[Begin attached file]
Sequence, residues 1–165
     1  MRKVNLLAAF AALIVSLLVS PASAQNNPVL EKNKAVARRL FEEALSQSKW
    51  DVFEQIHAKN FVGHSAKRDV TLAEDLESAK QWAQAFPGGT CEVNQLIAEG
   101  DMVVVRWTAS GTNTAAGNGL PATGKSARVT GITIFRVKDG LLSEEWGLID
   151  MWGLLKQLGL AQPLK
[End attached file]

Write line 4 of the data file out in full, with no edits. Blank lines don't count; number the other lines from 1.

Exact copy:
   101  DMVVVRWTAS GTNTAAGNGL PATGKSARVT GITIFRVKDG LLSEEWGLID